This is because OSHA currently has no set safety standard for the tree care industry. The TCIA petitioned OSHA for one back in 2006, and though the latter issued an Advance Notice of Proposed Rulemaking, it later struck the proposal from its agenda due to a lack of resources. In 2015, another move was made to implement safety guidelines, and they are currently under "long-term action" status.

OSHA publishes tree care safety guidelines

Tree care businesses in Connecticut and across the U.S. will benefit from the new safety guidelines that OSHA has published specifically for them. Its guidance document covers five majors hazards that tree care employers and employees face.

The first is lack of car and pedestrian traffic control. The document explains the risk factors and guides employers on how to keep workers safe from moving vehicles. This is closely connected to another hazard, falling objects. OSHA recommends drop zones for tree limbs and clear communication between ground workers and the tree trimmers overhead. A third deals with power lines, which can endanger trimmers if they are entangled in the tree.

OSHA provides guidelines for silica exposure on the job

Connecticut residents who work in construction or other industries where exposure to silica is a possible danger may be concerned about related long-term health consequences. The Occupational Safety and Health Administration has issued a fact sheet to accompany rules that lay out the standards for exposure to respirable crystalline silica, a substance that could lead to the development of occupational diseases like silicosis. The fact sheet provides suggested and required actions that employers can take to implement the standards for exposure to the mineral substance in order to reduce the danger to employees, including providing training and establishing plans in case of exposure.

Throughout the country, 2.3 million American workers are regularly exposed to silica dust. This number includes 2 million construction workers, who are at the greatest risk from the substance. The OSHA regulation lowers the limit for permissible exposure to 50 micrograms per cubic meter of air for respirable crystalline silica, as measured as an average over an eight-hour shift on the job. Crystalline silica is known to pose a number of serious health risks and is a carcinogen.

Marijuana and workers' comp in 2018

Marijuana is a "hot-button" issue for 2018 in workers' comp, according to Property Casualty 360, which frames the issue around the idea of a "potentially impaired workforce."

We should ignore some of the anti-marijuana hysteria that warns of a tremendous influx of employees all high and impaired on the job - considering that employees may use marijuana legally to treat qualifying medical conditions - but it's safe to say that marijuana will play a role in the context of on-the-job injuries and workers' comp litigation.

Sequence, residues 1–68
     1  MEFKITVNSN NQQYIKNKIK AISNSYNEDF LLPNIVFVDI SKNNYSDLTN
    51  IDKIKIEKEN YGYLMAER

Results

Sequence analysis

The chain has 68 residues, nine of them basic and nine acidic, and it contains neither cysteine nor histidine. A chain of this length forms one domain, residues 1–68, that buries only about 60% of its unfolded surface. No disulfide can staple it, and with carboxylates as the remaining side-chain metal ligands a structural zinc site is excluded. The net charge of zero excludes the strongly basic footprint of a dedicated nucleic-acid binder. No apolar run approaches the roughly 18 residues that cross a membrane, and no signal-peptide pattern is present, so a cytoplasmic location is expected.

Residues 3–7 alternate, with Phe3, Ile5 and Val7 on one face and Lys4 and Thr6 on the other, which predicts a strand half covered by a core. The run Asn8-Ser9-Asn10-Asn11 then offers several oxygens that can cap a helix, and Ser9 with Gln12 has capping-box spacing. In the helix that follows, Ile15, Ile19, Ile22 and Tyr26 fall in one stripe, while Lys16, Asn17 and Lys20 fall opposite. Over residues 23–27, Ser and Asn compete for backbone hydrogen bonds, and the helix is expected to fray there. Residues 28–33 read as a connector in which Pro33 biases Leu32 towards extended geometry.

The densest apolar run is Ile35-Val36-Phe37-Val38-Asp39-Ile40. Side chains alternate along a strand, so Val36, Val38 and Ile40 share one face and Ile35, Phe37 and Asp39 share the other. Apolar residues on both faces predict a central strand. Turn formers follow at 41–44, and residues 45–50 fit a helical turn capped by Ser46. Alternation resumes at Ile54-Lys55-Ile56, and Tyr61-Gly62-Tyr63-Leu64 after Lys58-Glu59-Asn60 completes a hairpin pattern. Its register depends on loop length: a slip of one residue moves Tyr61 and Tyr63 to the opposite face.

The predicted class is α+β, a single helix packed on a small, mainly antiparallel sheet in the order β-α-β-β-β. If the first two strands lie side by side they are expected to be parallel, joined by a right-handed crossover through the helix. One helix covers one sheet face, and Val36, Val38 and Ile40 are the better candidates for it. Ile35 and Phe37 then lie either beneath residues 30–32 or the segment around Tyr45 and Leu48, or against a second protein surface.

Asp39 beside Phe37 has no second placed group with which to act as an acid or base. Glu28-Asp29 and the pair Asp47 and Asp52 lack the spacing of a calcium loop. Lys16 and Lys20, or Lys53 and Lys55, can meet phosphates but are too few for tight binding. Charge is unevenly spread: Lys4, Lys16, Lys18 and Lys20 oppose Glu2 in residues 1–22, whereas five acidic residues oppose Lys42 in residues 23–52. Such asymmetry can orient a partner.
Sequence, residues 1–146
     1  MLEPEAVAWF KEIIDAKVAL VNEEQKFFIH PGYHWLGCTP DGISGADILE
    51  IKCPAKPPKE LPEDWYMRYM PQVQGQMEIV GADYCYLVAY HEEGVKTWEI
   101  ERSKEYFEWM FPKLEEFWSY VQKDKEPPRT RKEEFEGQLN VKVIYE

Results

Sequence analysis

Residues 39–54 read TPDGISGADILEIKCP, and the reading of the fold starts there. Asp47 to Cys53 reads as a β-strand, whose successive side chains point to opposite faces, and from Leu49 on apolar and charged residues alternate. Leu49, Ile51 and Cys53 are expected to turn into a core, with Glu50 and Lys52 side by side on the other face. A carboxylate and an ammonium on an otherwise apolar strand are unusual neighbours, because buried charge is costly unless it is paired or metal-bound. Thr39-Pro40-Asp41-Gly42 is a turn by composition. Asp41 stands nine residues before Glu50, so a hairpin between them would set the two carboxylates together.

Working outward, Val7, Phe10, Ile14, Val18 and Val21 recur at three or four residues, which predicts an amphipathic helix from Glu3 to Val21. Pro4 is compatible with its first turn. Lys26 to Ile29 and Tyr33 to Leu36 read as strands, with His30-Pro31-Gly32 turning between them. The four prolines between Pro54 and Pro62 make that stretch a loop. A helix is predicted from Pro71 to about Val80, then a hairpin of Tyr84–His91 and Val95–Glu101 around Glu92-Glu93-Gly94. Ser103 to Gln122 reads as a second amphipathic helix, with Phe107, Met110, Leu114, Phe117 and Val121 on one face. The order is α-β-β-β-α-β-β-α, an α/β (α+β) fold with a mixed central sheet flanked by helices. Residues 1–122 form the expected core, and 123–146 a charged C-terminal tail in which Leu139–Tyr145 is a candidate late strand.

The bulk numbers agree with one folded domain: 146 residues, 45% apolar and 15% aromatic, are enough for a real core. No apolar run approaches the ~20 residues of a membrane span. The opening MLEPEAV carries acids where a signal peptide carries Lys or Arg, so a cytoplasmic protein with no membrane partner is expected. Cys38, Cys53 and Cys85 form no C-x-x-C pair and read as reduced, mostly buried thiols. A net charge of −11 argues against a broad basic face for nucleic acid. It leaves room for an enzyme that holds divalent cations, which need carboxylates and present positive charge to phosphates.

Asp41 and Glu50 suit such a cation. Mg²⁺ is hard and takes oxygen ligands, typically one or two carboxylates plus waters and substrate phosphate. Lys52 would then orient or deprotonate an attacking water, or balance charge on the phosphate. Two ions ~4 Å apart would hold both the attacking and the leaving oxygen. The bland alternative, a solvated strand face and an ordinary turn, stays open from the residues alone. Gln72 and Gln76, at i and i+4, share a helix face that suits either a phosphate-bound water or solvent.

Employers and insurers, in other words, may defend some claims on the basis that the injured employee is alleged to have been under the influence of marijuana while working, as against company policy.

GAO reports on meatpacking industry safety concerns

The Government Accountability Office issued a report in November 2017 concerning the safety concerns of meat and poultry workers. Workers in this industry in Connecticut should be aware of what the report states as well as what OSHA's response to it was.

The report first of all recommends that OSHA, together with NIOSH and the U.S. Department of Agriculture Food Safety and Inspection Service, should investigate worker complaints within the meat and poultry industry. The GAO specifically mentioned the lack of bathroom access among employees, a frequent complaint that has plagued the industry since the late '90s and led to countless injuries.

The link between mental health and workplace injury

In Connecticut, the law of workers' comp includes what's known as a "physical/mental" injury, in which a claim for an accepted mental health injury can be made in conjunction with a physical injury as the precipitant. 

With that in mind, we turn to a study published in the Journal of Occupational and Environmental Medicine, which found that depression, anxiety and fatigue may increase the odds of being injured at work. The study looked at claims data from 314 businesses in a range of occupations and involved roughly 17,000 people. 

While the "physical/mental" injury claim begins with a physical injury as the precipitant, in contrast to mental injury as the precipitant, surveys like these clearly show that there is a need for treatment of both the physical and mental aspects in workers' comp claims.    

  • Board Certified | Workers' Compensation Specialist | Connecticut Bar Association
  • Super Lawyers | Lawrence Morizio
  • Super Lawyers | Albert E. Desrosiers
  • Avvo rating Guidance the Right Lawyer
  • Connecticut Bar Association
  • GBBA
Email Us For a Response

Free Consultation With A Specialist Attorney Will Respond Within 12 Hours

Bold labels are required.

Contact Information

The use of the Internet or this form for communication with the firm or any individual member of the firm does not establish an attorney-client relationship. Confidential or time-sensitive information should not be sent through this form.


Privacy Policy

Cousins, Desrosiers & Morizio, P.C.
2563 Main Street
Stratford, CT 06615

Toll Free: 866-225-9496
Toll Free: 866-225-9496
Fax: 203-386-9714
Stratford Law Office Map

Toll Free: 866-225-9496 | Fax: 203-386-9714